Babies can see objects (and people) from up to 18 inches away when they are two months old. That means you'll still have to approach near, but your baby will be able to view your face while feeding. When you walk near by, she should be able to follow your motions as well. Of course, nothing is perfect and some babies won't respond at all, but most should recognize the approach of food about 18 inches away.
As babies get older, their eyes will grow more sensitive to light, so they will be able to see red and blue colors later. By four or five months, most babies can see in color.
The ability to see comes from within each child, so some will see earlier than others. However, most children will learn how to interact with their environment by touching things first and then exploring further if needed. If your baby doesn't look at you when you talk to her, or if she seems uninterested in what you have to say, it may be because she is focused on something else entirely. Be patient and keep trying!
View in Disarray The newborn can only see things 8–12 inches in front of her face during her first week. This is the distance between her face and yours while she is nursing. Babies' gazes are usually only held for a few seconds. > span > In addition to their immediate surroundings, newborns also appear to be aware of what is going on with other people in their families.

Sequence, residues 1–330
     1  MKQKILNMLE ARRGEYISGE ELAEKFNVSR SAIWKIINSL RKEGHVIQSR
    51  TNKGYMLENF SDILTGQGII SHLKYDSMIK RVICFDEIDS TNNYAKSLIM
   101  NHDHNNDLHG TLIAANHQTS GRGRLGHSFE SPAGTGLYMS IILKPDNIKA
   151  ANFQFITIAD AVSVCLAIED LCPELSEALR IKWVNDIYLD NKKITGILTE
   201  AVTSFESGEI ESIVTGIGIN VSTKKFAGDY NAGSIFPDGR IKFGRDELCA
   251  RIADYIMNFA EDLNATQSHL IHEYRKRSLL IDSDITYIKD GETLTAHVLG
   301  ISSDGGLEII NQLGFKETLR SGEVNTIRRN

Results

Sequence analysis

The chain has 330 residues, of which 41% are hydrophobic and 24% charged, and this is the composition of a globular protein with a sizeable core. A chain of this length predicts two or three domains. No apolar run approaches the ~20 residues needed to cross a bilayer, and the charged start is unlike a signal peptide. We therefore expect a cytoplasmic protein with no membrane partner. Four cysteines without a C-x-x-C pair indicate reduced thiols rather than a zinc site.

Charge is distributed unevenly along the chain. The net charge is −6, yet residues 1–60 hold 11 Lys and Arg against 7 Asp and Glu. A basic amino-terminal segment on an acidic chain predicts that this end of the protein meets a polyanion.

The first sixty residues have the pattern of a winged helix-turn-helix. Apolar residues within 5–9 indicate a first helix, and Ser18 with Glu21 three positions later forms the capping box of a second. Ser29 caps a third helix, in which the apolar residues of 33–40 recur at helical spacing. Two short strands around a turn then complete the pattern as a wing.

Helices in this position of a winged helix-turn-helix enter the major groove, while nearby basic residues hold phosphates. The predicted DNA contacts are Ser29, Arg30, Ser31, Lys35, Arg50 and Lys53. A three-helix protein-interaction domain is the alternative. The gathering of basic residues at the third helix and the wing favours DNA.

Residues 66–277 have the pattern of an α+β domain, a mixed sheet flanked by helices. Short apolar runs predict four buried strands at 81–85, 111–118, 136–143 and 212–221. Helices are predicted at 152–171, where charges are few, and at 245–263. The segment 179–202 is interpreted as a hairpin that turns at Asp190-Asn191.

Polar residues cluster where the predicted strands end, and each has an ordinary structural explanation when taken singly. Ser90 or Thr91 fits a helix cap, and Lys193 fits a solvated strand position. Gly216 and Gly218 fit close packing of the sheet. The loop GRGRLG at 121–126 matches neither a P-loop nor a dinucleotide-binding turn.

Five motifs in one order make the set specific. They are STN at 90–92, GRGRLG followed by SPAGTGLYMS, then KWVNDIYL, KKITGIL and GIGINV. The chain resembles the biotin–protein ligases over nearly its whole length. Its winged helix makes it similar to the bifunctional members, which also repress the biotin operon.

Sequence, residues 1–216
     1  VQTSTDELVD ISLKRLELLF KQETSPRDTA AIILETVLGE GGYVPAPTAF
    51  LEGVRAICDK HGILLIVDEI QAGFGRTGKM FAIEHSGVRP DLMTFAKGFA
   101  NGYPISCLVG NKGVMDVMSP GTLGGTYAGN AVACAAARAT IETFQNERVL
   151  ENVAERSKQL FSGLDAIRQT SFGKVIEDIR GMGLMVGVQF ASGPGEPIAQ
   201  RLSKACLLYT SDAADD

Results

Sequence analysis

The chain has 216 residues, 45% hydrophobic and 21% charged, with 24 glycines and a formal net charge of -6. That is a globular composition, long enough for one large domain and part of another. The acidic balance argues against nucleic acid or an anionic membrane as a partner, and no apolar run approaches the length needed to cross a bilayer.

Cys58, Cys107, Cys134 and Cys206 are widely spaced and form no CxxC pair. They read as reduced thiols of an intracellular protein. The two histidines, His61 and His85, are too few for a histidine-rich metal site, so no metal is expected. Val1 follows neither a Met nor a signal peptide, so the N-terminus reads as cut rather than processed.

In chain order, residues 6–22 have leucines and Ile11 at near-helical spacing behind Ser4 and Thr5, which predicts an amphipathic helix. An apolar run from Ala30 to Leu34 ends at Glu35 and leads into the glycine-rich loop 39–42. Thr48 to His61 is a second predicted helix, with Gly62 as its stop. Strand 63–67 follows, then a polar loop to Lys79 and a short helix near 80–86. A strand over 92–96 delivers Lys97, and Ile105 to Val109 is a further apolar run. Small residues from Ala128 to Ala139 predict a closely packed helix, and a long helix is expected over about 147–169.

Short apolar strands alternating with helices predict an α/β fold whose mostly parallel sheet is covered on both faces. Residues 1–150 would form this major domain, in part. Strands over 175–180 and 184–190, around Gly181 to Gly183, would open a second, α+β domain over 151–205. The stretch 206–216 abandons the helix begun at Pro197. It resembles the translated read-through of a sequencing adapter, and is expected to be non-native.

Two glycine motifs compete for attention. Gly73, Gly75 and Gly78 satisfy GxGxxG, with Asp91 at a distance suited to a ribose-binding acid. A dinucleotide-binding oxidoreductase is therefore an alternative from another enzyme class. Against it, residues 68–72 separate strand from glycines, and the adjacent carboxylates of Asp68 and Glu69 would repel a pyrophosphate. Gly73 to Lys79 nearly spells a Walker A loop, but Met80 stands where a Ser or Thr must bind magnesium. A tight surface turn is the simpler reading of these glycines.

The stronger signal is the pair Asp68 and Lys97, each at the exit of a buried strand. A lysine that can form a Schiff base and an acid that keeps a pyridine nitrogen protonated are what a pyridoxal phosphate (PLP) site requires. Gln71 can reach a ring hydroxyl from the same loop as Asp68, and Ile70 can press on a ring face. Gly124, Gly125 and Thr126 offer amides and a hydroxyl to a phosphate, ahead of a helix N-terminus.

At one week old:
Newborns can see about 12 inches ahead of them, which is why they need your help when putting clothes away or getting ready for bed. They can also see movement, so if you walk slowly toward a window, an infant will recognize something as being important if you stop walking for a moment. Finally, babies are very social creatures and this sense helps them understand how they should act around others.
In addition to hearing their parents' voices, newborns can hear sounds such as running water, dishes being washed, and vacuum cleaners being used around the house. They can also hear the television, but it is mostly noise to them. Siblings' cries may reach their ears as well. Of course, babies can feel sound too! There are several studies that show that babies as young as one week old can respond to sound, even though they cannot yet move their bodies to react to music or speak aloud.
From 8 to 12 inches away, your infant can see the finest. This is the ideal distance for looking up into mum or dad's eyes (a favorite pastime!). Because babies are nearsighted, they perceive largely hazy things any further away. A newborn's vision is between 20/200 and 20/400 at birth. By three months, it improves to reach 40/200 by four months old.
Newborns can see about what adults can. Their vision isn't as sharp as an adult's because their lenses aren't fully developed. They're more sensitive to light too! That's why bright lights should be kept out of newborn rooms.
By three months, an infant's vision gets better than an adult's. This is because the lens of an infant grows faster than that of an older child or adult. The lens of an adult cat becomes fully developed by around age 11 years. That of a child cat may not finish developing until she is at least four years old.
In general, vision develops more quickly in children under five years old than it does in adults. This is because the lens of a young eye is still growing which makes it more flexible and allows it to focus on close-up objects.
Vision development follows a predictable pattern. Infants become visually aware of color around 5-6 weeks old. By 10 weeks, they start to notice shapes after being exposed to visual stimuli for just 30 minutes a day.